https://rover.ebay.com/rover/1/711-...0001&campid=5335809022&icep_item=184491389343
 
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Superman1984

Wore out three sets of tires already!
I know this older than a 1958 but I am going to say Unless it sat with holes in the frame full of water It Will be Fine. I have a USA Army air compressor that did & it didn't rust through. Still builds 250 psi on all original parts but the hose & fittings. I would fill the cut pieces with an internal tube before welding as suggested & just fix it. It's not a $100,000 show piece so put it back to the way it looks or good enough & make a rider out of it or until Your content. If you're too stressed about the rust it may or may not have; might be the wrong hobby. Lol. If it's worth saving you'll make that decision of what's too far or far enough.
 

The Carolina Rambler

Finally riding a big boys bike
I know this older than a 1958 but I am going to say Unless it sat with holes in the frame full of water It Will be Fine. I have a USA Army air compressor that did & it didn't rust through. Still builds 250 psi on all original parts but the hose & fittings. I would fill the cut pieces with an internal tube before welding as suggested & just fix it. It's not a $100,000 show piece so put it back to the way it looks or good enough & make a rider out of it or until Your content. If you're too stressed about the rust it may or may not have; might be the wrong hobby. Lol. If it's worth saving you'll make that decision of what's too far or far enough.
Yes, I agree. I am inclined to think that likely, the rust overall inside those tubes, is probably not as bad as it may seem right now. And even with the rust inside the tubes, I would expect that on most any bike of this age, there is a fair chance some rust will be inside the tubes, simply because that was bare steel, and likely had little to no paint even from the beginning, so rust is inevitable. Since it is now stored indoors and will be maintained, its good to know that any existing rust should not really progress further. I will be getting out the hack saw and taking a look inside here in the coming weeks, so we will know for sure then.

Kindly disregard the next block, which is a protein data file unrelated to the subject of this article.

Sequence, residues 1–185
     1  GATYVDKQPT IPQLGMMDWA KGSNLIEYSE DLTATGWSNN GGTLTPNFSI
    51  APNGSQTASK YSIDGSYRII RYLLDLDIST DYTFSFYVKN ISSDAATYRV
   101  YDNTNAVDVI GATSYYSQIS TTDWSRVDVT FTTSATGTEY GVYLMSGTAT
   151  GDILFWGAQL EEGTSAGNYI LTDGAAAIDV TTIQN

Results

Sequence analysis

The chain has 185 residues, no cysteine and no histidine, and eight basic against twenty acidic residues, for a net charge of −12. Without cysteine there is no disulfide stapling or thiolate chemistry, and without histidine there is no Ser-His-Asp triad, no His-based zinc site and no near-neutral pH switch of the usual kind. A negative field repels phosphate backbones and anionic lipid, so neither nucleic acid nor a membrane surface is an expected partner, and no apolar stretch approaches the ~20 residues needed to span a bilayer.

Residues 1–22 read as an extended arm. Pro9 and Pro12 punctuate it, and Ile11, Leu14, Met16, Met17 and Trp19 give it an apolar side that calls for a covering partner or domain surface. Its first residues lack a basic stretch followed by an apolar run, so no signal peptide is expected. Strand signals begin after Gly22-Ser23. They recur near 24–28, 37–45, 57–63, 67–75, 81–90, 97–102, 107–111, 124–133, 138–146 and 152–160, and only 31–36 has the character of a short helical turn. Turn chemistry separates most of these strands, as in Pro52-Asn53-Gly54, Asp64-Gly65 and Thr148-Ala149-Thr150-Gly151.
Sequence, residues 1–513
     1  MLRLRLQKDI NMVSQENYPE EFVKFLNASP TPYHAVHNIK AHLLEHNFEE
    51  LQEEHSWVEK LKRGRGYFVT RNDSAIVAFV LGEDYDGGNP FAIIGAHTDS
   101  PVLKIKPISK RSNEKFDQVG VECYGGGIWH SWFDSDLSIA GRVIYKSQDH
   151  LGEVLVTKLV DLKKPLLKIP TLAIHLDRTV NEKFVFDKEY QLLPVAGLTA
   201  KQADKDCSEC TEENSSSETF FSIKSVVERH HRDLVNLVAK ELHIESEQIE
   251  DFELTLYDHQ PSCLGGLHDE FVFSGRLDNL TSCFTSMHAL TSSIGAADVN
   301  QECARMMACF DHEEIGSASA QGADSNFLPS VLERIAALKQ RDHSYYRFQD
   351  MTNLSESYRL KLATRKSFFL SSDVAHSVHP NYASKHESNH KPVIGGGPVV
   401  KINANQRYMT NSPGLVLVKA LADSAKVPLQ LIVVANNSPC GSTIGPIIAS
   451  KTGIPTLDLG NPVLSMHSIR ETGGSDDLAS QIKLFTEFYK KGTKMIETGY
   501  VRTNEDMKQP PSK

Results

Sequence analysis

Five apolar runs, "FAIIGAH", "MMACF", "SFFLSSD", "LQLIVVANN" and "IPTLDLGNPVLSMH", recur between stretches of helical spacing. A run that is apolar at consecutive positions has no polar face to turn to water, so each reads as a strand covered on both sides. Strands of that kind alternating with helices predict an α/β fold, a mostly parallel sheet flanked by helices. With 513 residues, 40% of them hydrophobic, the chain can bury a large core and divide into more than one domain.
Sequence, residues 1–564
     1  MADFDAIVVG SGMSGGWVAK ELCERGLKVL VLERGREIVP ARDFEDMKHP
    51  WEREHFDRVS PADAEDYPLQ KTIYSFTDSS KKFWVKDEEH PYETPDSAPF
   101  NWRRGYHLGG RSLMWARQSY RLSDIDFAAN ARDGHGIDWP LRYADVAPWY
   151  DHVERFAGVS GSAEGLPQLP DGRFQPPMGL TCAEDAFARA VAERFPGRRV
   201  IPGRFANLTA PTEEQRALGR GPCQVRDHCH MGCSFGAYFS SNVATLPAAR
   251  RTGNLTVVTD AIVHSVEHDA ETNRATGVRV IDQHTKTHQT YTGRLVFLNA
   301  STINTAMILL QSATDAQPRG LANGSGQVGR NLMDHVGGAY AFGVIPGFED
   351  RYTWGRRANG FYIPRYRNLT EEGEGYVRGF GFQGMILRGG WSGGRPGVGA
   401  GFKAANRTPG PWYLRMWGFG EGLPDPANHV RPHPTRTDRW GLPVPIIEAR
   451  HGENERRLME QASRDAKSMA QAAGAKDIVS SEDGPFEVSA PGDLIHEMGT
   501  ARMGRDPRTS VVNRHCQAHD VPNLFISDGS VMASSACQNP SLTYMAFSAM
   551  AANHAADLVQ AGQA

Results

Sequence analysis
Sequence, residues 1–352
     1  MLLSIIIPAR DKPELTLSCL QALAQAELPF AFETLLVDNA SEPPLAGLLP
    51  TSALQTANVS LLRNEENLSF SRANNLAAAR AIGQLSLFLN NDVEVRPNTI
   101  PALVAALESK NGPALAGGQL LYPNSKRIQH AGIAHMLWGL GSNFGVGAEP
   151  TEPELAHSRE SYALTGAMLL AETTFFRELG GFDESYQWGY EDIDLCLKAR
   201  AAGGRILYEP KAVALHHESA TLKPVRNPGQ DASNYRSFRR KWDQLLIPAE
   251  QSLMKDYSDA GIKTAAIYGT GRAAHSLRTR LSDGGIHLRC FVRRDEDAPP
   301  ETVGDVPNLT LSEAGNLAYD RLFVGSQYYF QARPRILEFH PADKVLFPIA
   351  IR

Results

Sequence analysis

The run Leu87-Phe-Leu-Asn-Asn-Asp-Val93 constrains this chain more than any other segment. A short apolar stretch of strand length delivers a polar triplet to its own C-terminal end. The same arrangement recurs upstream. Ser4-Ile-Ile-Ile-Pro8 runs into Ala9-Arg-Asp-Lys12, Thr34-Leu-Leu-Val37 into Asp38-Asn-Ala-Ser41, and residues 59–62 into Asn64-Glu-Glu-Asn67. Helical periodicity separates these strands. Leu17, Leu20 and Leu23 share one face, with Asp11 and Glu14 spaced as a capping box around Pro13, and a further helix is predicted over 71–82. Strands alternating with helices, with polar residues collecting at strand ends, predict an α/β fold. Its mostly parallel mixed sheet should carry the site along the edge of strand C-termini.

Thank you everybody for all of your advice, and I feel that I have the information I need now to do a proper job. I'll be keeping yall in the loop, and wishing everybody happy and safe riding!
 

Superman1984

Wore out three sets of tires already!
Yes, I agree. I am inclined to think that likely, the rust overall inside those tubes, is probably not as bad as it may seem right now. And even with the rust inside the tubes, I would expect that on most any bike of this age, there is a fair chance some rust will be inside the tubes, simply because that was bare steel, and likely had little to no paint even from the beginning, so rust is inevitable. Since it is now stored indoors and will be maintained, its good to know that any existing rust should not really progress further. I will be getting out the hack saw and taking a look inside here in the coming weeks, so we will know for sure then.